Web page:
When we first moved to Tanzania in 2017, Cynthia and I knew that our library collection would never return to the States with us. I just estimated that our combined collection comes to more than 1,400 books!
Our dean of the theology faculty, Rev Dr Angela Olotu, had asked me, Mark, to make a list of the books we will be donating. I foolishly agreed, not thinking that it was that many books. I succeeded in making a list of two shelves of books (about 2.5 meters of books), and that came to 108 books. So with some quick measuring of about 35-37 meters of bookshelves, I came to estimate that we have about 1,400-1,500 books. I can roughly estimate a total value of that collection to around $35,000 to $40,000 US. That’s what comes from two PhDs having lived, worked, and studied in the US for over 40 years!
Having just sent the e-mail making that official offer of our collection to the university, I feel almost like we’ve just lost a member of the family. It’s a shock! These books have moved with us for decades, just like family. One of them I’ve had since I was a child (I’m probably going to bring that one back to the States!).
We are of course making this donation in the hope that the ideas in these books will benefit our students both now and in years and generations to come. Most of our students really have not gotten the idea that books are really for them, because there’s usually such a dearth of books and bookstores here in Tanzania. Buying and reading books are, frankly, a dimension of life only in places of the world where there’s enough money to afford such things.
As you may also have guessed by now, dear reader, this also means that we are planning to leave the university and Tanzania. We will return to the US around October 9 or 10, having finished out our four-year contract. Family matters constrain us to return. We will, however, also continue to visit the university in years to come. We will continue to supervise PhD students. The government is also pushing universities to include online instruction in their offerings, so we hope to continue to teach in that way as well. Mark is also planning to work on fundraising for Lutheran universities in poor countries.
Study Bible for students
The Bibles used by most of our students are the Revised Standard Version, which was first published in 1946 and last revised in 1971. (Later editions appeared with added books such as Maccabees, Sirach, and Wisdom of Solomon). No students in the US use the RSV. American students are using either the New Revised Standard Version (which is a new translation from original texts) or the New International Version or (God help us!) the English Standard Version (ESV).
The one and only reason our students here use the RSV is that it is cheap. The copyrights on that version have lapsed and so it can be published cheaply. It’s not a good translation. It contains many mistakes; it doesn’t use anything close to contemporary English. This is why no one uses it any longer in the US. But it’s what our students can afford.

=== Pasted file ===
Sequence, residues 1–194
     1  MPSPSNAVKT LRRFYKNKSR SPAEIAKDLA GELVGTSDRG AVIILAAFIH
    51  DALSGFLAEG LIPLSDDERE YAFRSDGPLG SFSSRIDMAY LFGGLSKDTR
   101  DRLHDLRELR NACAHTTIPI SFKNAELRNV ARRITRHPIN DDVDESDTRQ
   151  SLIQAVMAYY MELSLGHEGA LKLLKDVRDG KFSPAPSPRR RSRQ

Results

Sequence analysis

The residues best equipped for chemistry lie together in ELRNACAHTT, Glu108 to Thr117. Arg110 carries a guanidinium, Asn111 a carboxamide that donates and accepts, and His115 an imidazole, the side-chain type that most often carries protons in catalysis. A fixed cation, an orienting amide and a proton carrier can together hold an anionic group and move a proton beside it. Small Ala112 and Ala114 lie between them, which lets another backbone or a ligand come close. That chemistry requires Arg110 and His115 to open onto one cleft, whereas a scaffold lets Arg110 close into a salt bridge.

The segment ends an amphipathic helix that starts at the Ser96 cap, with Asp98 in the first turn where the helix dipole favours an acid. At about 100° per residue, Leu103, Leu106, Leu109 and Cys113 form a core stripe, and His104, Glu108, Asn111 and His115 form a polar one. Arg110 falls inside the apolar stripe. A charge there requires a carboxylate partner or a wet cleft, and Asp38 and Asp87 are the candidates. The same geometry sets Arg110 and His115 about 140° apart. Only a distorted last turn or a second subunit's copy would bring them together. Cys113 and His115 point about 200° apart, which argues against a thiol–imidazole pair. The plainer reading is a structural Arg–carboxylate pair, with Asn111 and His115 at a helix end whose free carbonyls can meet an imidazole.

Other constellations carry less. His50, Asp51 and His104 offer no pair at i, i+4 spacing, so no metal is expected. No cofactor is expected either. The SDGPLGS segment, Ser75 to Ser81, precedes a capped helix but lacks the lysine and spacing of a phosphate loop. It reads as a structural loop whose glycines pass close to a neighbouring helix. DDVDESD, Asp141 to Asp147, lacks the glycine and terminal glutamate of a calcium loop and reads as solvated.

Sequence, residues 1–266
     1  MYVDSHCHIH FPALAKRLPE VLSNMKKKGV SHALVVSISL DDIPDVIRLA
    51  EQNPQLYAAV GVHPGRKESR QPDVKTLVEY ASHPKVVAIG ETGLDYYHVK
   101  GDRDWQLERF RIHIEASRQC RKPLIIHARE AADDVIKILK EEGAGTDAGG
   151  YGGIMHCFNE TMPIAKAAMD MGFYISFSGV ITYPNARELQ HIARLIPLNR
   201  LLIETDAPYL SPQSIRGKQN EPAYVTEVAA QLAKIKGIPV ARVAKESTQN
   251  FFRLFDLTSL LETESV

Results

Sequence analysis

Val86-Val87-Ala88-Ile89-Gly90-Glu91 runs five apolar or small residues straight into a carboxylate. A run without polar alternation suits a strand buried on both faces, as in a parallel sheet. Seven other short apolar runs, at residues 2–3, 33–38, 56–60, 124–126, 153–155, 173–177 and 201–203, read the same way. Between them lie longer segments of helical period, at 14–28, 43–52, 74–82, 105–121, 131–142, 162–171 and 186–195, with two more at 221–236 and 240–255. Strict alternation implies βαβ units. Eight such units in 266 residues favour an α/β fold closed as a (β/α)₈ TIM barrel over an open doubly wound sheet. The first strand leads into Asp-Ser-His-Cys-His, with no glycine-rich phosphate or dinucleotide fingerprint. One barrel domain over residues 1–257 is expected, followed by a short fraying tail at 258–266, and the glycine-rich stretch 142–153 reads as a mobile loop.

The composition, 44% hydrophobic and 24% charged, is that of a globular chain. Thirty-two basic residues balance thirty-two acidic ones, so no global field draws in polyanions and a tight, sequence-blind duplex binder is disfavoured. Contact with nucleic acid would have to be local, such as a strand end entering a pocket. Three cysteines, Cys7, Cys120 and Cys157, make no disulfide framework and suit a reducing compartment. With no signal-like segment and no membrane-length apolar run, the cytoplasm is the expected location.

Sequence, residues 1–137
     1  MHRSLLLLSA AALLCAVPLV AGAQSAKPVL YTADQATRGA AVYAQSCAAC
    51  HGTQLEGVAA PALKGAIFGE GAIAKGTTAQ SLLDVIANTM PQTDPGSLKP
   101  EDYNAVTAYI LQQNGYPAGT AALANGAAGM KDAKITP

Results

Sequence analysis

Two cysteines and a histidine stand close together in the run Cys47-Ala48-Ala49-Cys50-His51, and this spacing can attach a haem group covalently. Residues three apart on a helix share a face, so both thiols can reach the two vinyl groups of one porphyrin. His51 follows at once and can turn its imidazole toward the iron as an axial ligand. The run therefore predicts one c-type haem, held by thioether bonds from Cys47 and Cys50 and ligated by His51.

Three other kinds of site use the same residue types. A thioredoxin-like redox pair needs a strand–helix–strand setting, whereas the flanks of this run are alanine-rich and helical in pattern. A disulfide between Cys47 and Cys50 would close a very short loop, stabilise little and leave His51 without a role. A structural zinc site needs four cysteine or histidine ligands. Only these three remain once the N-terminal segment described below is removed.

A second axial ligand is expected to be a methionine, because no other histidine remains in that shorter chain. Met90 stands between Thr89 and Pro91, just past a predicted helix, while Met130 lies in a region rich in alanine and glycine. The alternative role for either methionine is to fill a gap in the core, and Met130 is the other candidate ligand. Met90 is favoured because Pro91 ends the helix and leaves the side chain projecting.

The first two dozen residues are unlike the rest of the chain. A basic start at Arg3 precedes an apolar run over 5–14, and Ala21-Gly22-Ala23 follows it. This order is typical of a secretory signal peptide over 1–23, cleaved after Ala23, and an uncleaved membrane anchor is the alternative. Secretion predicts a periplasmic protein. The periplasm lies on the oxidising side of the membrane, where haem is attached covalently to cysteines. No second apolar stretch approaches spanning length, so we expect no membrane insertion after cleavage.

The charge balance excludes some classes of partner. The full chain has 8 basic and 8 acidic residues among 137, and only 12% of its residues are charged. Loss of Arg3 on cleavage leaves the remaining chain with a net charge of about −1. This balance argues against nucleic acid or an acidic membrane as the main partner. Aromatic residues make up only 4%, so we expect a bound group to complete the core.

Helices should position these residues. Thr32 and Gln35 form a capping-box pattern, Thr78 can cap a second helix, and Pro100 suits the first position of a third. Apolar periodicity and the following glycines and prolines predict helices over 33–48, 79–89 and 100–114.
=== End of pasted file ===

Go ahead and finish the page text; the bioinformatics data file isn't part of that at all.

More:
So I’ve made it a point to buy and bring to Tanzania in our luggage copies of the HarperCollins Study Bible of the New Revised Standard Version, and I’ve been giving them out to students. The students are of course very glad to receive them, and most of them have never had a study Bible before. Some of them do have study Bibles, but those unfortunately are often RC Sproul’s version of the ESV (*groan*). That’s the only study Bible I’ve seen that is actually evil – it actually does harm to women and all the people who love them and appreciate them. (Yes, I’m angry about it…)
Some of you may notice that the Bible on the far left is actually a Lutheran Study Bible from Augsburg Fortress Press, and the one on the far right is the Oxford Press version. So I had some extra study Bibles on hand, and I gave them out too!
The Great Migration in Serengeti
We finally after four years got the chance to visit Serengeti National Park to see the great migration that happens annually between the Serengeti in Tanzania and the Maasai Mara Reserve in Kenya, and back again. It really IS exactly like what the guidebooks and videos say it is! The line of migrating wildebeests and zebras stretches literally from horizon to horizon, thousands of animals walking in a line – not single-file, but close. Here is a map of their migration throughout the year:
Thanks to our good friends and mission colleagues from the Finnish Evangelical Lutheran Mission, Hanna Martikainen and Kimmo Tappanainen, for hosting us on this visit!
We were also blessed to see the great Ngorongoro Crater, a natural wonder of which pictures can never do justice! If you’ve ever seen Crater Lake in Oregon, it’s about that same astonishing magnitude, but with plants and animals in addition.
We look forward to invitations to visit you all, either in-person or online, anytime from now to the end of this year! We are still trying to figure out what our employments will be once we’re back in Columbus, Ohio, in October. God willing, that will work out well and we will continue to serve our Lord Jesus once again back in the United States!
May the peace of Jesus be with us all! Thank you all for your support in the work we are honored to do!
Rev Dr Mark Rich
Rev Dr Cynthia Holder Rich